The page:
Mavis Garden Blog – Gardening in October


I was walking around the garden yesterday and spotted a few Tri-Star strawberries and decided to snap some pictures to show you what’s growing in our backyard garden right now.

We live in Western Washington and usually don’t get freezing temps until around the beginning to mid November, so even though it doesn’t look like there is much growing when I post photos of our garden as a whole, we still have lot’s of edibles.

fava beans

The Fava Beans we planted last month are now about 4 inches tall. If you have never planted fava beans before they LOVE the cool temps and are a great cover crop if you are looking in enrich your soil.


We have oodles of Detroit Dark Red Beets growing right now and will have plenty for a Thanksgiving harvest.

rainbow swiss chard

Rainbow Swiss Chard. Yep, we’ve got plenty of that too. 😉


One of the more surprising vegetables we having growing right now is Artichokes. I started these from seed this January and am still amazed at how well they are growing this late in the season.


One of my goals this year is to try and over winter some Danvers Carrots. I’ve heard plenty of people say that growing carrots in the winter is super easy as long as they are protected a little bit. Once the temperatures dip I’m going to cover them with straw and hope for the best. I think as long as we don’t get a super hard freeze, we should be okay.

purple cauliflower

Mama Mia, check out the Purple Cauliflower. Isn’t it cool? I bet parents could get their kids to eat more cauliflower if they served them purple cauliflower at the dinner table.

Broccoli Romanesco

All the other vegetables are nice, but this head of Broccoli Romanesco is my favorite. It just has a certain cool factor to it. It’s like what hipsters who play bongos and backpack around Europe would eat.

It’s like totally out there man. 😉


So how is YOUR garden doing these days? Are you still pulling up vegetables?

Mavis wants to know.

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  1. Sarah says

    Surprisingly, yes, we still have quite a bit growing here in Western NY. It’s usually pretty cold by this point in the year, but we’ve been lucky to have temperatures in the 60s and 70s for most of September and October.

    Right now, we have one small pumpkin (not ripe yet), a few jalapenos and bell peppers, a few roma tomatoes, broccoli, lettuce, Swiss chard, and green onions. I also planted cabbage towards the end of August but they’re far from ready.

  2. Elizabeth says

    Thank you much for the ice cream recipe :)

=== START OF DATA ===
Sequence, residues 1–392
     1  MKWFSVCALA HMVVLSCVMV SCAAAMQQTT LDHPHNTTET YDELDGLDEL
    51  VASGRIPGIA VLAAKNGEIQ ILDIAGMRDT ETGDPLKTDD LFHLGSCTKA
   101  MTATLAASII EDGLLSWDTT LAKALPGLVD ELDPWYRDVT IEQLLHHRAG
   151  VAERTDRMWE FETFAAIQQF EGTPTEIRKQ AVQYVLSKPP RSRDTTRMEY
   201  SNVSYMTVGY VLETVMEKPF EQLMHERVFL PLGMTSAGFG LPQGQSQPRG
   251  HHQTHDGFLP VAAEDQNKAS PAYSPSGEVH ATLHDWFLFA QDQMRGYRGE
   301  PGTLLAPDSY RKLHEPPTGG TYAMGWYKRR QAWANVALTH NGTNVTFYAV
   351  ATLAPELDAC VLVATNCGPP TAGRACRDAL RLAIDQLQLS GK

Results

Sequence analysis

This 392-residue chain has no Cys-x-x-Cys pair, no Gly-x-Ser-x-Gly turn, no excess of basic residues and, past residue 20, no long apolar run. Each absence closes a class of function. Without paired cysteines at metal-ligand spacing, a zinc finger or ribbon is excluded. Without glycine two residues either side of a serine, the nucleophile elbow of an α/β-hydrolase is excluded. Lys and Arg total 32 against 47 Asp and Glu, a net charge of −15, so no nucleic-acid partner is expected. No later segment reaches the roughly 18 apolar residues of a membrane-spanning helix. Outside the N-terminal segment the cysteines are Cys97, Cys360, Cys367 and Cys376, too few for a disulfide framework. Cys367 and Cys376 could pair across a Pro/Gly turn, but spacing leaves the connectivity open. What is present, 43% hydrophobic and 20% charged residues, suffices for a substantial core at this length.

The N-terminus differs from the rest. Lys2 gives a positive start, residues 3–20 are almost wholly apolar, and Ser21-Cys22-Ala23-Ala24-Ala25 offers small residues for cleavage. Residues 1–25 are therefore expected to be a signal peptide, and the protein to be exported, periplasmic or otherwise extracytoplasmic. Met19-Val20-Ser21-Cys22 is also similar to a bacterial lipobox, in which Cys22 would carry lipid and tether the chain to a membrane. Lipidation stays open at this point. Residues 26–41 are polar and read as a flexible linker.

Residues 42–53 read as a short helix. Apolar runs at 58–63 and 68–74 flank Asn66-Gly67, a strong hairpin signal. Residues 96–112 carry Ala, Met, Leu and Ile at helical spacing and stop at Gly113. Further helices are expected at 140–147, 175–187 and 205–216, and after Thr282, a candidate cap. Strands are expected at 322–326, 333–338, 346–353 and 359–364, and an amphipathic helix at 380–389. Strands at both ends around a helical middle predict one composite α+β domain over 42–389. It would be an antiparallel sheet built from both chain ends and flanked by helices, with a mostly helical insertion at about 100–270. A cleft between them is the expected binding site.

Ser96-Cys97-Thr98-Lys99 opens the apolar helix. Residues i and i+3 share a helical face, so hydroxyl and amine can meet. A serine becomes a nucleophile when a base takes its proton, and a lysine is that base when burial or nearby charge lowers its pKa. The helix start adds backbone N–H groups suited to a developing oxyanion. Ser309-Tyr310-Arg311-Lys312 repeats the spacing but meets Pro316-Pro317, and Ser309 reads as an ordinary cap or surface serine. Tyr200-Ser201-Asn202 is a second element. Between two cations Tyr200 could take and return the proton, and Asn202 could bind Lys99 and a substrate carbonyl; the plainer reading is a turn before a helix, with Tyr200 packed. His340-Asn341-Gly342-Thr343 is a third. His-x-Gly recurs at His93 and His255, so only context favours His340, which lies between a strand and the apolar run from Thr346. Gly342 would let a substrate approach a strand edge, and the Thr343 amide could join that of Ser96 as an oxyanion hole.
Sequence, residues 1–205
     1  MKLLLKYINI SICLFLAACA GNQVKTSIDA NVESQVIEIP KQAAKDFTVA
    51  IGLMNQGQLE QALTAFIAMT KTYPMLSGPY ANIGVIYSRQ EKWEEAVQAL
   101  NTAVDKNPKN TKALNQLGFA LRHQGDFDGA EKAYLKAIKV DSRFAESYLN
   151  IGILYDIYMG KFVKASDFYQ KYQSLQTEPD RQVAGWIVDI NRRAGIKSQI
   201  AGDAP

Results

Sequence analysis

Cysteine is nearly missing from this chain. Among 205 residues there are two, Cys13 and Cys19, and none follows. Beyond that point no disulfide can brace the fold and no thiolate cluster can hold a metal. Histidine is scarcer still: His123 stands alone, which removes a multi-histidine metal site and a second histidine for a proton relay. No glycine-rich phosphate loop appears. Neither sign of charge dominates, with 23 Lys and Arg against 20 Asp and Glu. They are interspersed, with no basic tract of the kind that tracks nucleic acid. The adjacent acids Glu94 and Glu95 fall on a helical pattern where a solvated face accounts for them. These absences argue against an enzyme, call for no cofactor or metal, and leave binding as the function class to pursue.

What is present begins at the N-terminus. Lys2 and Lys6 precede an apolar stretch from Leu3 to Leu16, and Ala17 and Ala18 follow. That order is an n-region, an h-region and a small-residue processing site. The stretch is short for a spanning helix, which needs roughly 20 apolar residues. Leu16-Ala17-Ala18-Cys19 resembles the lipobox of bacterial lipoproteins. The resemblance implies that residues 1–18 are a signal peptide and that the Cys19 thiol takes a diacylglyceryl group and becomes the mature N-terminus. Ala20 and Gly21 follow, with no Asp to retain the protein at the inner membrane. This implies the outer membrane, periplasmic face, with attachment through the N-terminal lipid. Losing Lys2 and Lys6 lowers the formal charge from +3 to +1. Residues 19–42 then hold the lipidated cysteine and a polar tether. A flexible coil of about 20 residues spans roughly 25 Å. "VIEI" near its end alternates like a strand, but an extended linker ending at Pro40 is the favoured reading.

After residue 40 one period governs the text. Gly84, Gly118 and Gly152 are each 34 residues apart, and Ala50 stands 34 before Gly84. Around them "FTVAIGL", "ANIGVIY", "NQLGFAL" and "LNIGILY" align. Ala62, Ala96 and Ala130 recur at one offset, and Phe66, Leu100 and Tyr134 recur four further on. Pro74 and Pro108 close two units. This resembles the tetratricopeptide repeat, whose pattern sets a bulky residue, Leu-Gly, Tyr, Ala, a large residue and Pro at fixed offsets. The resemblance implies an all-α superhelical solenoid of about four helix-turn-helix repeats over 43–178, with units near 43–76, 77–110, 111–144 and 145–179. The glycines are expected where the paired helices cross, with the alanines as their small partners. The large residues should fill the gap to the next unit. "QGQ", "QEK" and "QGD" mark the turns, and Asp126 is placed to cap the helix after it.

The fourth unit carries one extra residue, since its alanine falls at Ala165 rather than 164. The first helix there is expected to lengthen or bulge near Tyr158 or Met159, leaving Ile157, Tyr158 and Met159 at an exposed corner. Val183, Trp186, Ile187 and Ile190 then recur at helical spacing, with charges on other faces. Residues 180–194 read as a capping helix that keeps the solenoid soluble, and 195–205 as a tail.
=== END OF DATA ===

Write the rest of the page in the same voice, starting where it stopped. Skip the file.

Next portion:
We’re doing our traditional pumpkin themed party for our very last family first birthday (a happy day and a sad day all at once). This recipe will be a welcome addition to the feast.

  3. Marie says

    Does straw have weed seeds? One winter we spread
    Hay/straw & man oh man did we regret it!
    Could it have been the straw?

    • Laura says

      It could have been the straw. It isn’t supposed to have seeds, but my straw last year did. The worst place it grew was in the strawberries. I called the feed store and complained! Don’t use hay to mulch. Use straw, which is supposed to be just stem.

  4. says

    The outdoor gardens are pretty much done for this year here in northern Minnesota. It dipped down to 29 degrees early this morning, and the temp forecast looks to be dropping that low nearly ever night now, with highs reaching only into the 30’s and 40’s.

    We harvested a beautiful second crop of carrots this last Sunday. Most winters we are unable to overwinter veggie crops, other than garlic cloves for the next year, in the ground. The frost can drive down nearly 3 feet at times, so even with a good thick cover, carrots completely freeze then turn to a slimy mush after the spring thaw.

    The good…even with such freezing winter temps certain varieties of apple trees, blueberries, raspberries, strawberries, wild plums, lingonberries, blackberries, rhubarb, and for those living close to the Lake Superior shore, some grapes and pears are able to survive and provide us with fresh local fruit year after year.

  5. Ellen says

    You’re in Zone 9, I think, which is the same as Arizona here. I’m just starting my garden…carrots, golden beets, lettuce, swiss chard (for baby salad leaves), and sugar snap peas. It can get down as low as 17 (very rarely), but if I throw a sheet over the stuff when it gets cold, it’s totally fine.

  6. says

    I picked chard today for our dinner tonight, but I’m not a fall gardener even a little bit. I’m completely jealous of your beets, though. I love them with all my heart and I’ve never had any luck starting them from seed in the spring.

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